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Old 5th December 2012, 08:43 PM   #1471
staki is offline staki  Switzerland
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Quote:
Originally Posted by Lorien View Post
Well, I didnt thought at this when WaveIO was designed but we can find some alternatives for it:
1. You can try to connect all the I2S buses together (WaveIO I2S > DAC1 + DAC2). I'm not a big fan of this option but seems to be the faster I can think of right now.
2. For a "decent" approach, you can use fanout buffers, as you stated above but you have to implement it carefully (PSU, traces, connectors, etc.).
3. Use isolated I2S for one DAC while the nonisolated for the remaining one. Anyway please note that NVE isolator will add delays to all the signals of the isolated I2S port, delays that are NOT synchronized later on with Flip-Flops or other logic with the other I2S port thus this alternative is not the best approach still can be used for testing purposes!
L
For the "decent" approach, won't the fanout buffers increase jitter?
I think that I will use the first solution, provided that the target impedance is sufficiently high, like BrianDonegan says (I probably will use two PCM1794A dacs, eventually two AD1955). And of course make use of cables of the same length for both dac chips.
That means that I will be forced to use the isolated output, because I can't imagine a way to put two coax cables on a single U.FL connector.......
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Old 5th December 2012, 11:02 PM   #1472
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Originally Posted by staki View Post
For the "decent" approach, won't the fanout buffers increase jitter?
I think that I will use the first solution, provided that the target impedance is sufficiently high, like BrianDonegan says (I probably will use two PCM1794A dacs, eventually two AD1955). And of course make use of cables of the same length for both dac chips.
That means that I will be forced to use the isolated output, because I can't imagine a way to put two coax cables on a single U.FL connector.......
Consider that Jeff Roland Designs decided against using multiple DAC chips in their Aeris DAC because they considered it basically impossible to insure that the two chips would be perfectly in sync. One might consider this marketing BS, but he price of the DAC, and the fact that they do use other expensive parts, seems to me to be an indication that they did not base this decision on the additional expense of adding another DAC chip.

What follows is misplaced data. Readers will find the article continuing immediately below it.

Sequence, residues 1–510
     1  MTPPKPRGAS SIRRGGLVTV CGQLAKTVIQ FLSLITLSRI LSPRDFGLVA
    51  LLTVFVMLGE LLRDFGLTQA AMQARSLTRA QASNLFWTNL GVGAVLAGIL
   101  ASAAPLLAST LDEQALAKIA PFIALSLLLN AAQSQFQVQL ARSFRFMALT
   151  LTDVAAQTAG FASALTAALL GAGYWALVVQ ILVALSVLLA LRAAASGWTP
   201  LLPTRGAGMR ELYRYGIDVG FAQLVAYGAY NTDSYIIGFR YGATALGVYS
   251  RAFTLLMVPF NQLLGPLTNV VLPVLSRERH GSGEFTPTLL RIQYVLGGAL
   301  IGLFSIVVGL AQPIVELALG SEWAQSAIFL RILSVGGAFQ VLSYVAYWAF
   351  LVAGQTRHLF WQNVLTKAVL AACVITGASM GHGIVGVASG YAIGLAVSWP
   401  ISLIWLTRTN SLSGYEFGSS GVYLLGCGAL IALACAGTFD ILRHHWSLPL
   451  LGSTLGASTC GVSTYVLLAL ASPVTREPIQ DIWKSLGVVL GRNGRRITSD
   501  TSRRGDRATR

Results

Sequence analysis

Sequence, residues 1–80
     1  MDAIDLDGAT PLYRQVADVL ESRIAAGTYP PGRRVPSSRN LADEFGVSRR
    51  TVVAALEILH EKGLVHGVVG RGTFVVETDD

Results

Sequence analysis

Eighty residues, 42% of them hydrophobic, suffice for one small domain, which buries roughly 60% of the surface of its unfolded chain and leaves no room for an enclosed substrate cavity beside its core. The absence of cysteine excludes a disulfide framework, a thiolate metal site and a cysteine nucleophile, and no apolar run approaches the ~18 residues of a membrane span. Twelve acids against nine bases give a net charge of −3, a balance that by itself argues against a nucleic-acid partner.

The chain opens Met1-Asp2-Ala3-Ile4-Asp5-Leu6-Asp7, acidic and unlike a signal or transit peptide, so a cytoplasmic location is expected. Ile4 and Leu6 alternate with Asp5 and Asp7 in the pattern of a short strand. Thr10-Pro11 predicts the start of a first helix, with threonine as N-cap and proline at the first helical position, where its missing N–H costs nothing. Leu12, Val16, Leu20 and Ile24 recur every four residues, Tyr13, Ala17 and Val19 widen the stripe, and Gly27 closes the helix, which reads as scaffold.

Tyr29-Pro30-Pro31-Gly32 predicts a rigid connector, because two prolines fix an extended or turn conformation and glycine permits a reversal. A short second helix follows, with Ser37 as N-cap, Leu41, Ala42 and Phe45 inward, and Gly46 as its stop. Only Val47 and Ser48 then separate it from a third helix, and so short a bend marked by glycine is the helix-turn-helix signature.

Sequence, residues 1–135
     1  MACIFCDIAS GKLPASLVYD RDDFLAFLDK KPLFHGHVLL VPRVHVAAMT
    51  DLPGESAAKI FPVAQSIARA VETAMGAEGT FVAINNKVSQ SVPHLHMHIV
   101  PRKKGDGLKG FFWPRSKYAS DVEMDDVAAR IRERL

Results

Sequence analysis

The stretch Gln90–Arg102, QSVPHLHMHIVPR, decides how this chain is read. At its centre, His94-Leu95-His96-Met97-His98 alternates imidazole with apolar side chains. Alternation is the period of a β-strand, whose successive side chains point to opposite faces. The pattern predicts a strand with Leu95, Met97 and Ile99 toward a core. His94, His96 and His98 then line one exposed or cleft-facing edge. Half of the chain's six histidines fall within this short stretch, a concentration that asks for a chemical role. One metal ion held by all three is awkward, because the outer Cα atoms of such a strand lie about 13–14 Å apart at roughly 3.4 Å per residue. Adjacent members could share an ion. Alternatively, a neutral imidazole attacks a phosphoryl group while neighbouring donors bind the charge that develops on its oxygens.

Dual Mono DAC chips may create more problems than it solves...
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Old 5th December 2012, 11:22 PM   #1473
qusp is offline qusp  Australia
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yeah, like a S difference left to right is going to make a big difference in a real room with real speakers with real filters and real ears. sitting 30cm to the right will cause a similar delay...
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Old 5th December 2012, 11:22 PM   #1474
1audio is offline 1audio  United States
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The point behind summing multiple DAC's is to get closer to the ideal output. Sync should not be an issue since the output (unless an NOS dac with no reconstruction filter) is low pass filtered octaves below any clock. The multiple DAC trick is nearly 20 years old and works. You should get about a 3 dB noise floor reduction for every doubling of DAC's.

I think Accuphase has a DAC with something like 16 dac chips summed. With more chips the individual errors drop as a proportion of the whole. I could argue that running one DAC on the back side of the master clock from another may be a good thing. With 16 you could make a sort of "ring DAC" with some intrinsic low pass functionality. Not too different from how a SAW filter is made.

Any fast CMOS buffer will have phase noise (jitter) way below any clock you can buy. At 1 KHz any 74AC family chip can easily be -170 dBC phase noise, if you have a reasonably quiet power supply and did not screw up the grounding etc.